The decline of familial structures does produce social problems. In The Philosophy of History the German philosopher Hegel notes that society -- what he would have called "objective spirit"-- is comprised of three moments: the family, the market economy and the state. The family teaches individuals to be altruistic, the market economy teaches us to be self-interested and the state reconciles the two by educating us on the value of a prosperous national solidarity. Liberals tend to emphasize the state as the key agent for regulating the greed, volatility and inhumanity of the market while conservatives like to focus on robust family formations and values as the principal check on human self-interest. Hegel typically saw beyond both liberalism and conservatism emphasizing the importance of both secure families and an effective state.
The great philosopher implicitly understood that the value of generosity which one first learns in the family, for example watching one's parents individually work and yet use their money for the good of the whole, was crucial in order for one to later intuitively understand the significance of state economic redistribution. The concern for the poor or underprivileged originally comes from being taught the ethic of benevolence during one's childhood. Without that early instruction one will become primarily guided by the self-interested values of the market and thus one will perceive state taxation for redistribution as an incursion on one's "freedom" rather than as a healthy, appropriate way of treating one's fellow citizens.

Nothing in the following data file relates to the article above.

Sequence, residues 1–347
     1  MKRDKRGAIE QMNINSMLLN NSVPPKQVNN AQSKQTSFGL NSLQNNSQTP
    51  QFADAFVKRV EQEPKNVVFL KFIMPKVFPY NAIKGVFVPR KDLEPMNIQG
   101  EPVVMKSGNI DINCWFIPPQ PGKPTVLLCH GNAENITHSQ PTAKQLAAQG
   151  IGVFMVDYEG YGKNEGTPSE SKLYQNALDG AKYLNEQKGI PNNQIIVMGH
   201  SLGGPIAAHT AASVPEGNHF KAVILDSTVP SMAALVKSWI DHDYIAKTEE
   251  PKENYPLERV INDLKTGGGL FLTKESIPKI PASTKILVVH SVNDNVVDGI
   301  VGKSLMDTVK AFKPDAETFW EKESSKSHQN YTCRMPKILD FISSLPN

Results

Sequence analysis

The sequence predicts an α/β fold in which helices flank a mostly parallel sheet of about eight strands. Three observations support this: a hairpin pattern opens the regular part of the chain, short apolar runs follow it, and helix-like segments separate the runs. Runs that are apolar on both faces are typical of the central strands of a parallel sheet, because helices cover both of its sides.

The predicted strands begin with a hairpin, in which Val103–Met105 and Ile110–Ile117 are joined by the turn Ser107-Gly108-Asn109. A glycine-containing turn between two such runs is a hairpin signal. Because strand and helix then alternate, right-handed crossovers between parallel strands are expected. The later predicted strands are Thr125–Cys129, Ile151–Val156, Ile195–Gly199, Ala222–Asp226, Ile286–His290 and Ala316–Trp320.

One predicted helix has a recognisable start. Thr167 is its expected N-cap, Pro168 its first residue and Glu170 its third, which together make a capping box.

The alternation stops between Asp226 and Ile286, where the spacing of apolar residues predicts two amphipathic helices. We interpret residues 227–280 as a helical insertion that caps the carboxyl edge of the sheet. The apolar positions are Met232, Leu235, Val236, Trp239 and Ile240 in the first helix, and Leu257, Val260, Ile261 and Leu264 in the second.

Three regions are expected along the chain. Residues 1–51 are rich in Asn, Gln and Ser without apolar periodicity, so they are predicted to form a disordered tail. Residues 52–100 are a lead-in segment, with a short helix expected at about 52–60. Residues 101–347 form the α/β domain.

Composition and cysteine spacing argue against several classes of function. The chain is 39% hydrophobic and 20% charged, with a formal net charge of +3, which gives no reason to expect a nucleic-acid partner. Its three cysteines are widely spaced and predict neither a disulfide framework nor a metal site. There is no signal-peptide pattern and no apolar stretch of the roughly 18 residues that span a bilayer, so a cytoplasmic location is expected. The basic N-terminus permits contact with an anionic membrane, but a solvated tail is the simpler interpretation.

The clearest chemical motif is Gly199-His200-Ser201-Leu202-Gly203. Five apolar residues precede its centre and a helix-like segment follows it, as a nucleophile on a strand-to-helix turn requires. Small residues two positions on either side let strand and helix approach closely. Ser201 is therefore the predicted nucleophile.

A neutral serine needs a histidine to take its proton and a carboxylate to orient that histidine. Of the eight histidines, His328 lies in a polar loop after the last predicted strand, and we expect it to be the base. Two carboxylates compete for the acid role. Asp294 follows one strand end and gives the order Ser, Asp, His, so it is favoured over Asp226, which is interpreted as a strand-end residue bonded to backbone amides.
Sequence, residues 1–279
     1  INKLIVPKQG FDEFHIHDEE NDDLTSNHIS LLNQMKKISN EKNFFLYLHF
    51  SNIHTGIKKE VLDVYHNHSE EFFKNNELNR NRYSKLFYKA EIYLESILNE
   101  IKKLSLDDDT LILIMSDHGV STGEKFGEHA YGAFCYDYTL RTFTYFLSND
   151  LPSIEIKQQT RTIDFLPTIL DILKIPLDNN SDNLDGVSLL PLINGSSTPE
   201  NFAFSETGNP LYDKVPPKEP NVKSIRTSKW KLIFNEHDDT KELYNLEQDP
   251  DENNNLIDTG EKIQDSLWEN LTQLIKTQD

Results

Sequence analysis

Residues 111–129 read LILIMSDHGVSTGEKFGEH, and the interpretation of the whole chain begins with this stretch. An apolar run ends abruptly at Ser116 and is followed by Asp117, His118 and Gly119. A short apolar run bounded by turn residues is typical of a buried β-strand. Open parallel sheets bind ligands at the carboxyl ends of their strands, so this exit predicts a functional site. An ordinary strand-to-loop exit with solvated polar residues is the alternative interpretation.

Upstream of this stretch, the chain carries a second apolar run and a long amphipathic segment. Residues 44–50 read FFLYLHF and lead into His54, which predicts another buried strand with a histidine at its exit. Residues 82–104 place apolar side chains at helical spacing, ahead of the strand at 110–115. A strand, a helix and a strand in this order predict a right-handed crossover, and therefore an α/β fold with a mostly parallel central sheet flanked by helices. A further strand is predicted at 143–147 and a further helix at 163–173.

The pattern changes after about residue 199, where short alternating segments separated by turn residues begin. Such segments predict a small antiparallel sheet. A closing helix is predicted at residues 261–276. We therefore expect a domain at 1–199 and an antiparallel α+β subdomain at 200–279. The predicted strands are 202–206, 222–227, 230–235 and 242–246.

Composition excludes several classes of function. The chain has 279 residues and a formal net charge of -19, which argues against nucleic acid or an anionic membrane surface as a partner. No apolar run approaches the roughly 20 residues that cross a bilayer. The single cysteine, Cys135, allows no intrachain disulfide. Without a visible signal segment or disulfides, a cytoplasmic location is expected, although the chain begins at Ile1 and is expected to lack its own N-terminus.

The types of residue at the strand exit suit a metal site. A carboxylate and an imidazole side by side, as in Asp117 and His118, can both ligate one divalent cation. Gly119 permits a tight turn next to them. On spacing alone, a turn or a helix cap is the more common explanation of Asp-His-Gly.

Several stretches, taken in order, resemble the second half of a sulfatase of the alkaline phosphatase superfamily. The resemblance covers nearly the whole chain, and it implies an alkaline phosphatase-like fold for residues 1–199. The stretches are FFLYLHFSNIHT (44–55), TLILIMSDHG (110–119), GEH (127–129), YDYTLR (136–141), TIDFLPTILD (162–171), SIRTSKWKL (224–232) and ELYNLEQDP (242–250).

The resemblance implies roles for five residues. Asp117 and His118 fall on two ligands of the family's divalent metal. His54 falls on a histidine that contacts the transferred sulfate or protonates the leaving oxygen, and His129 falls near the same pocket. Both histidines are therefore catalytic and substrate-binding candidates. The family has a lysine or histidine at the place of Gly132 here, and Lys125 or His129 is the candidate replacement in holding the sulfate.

The breakdown of the traditional family then has dangerous social implications if alternative family structures are not promoted. Progressives tend to look to the value of having new types of families such as lesbian or gay families, single-parent families, and childless families. However, these new families will confront all of the problems that nuclear families have confronted over the past century and thus will be no more sustainable than their predecessors. The durability of family structures in Hegel's time and before that -- contrary to Brooks' understanding -- depended not on nuclear families but on extended families; that is, situations in which children were mentored not only by parents but also by grandparents, uncles and aunts who lived in the same home or neighbourhood. The extra mentoring took some pressure off of child-raising and off of the relationship between the parents.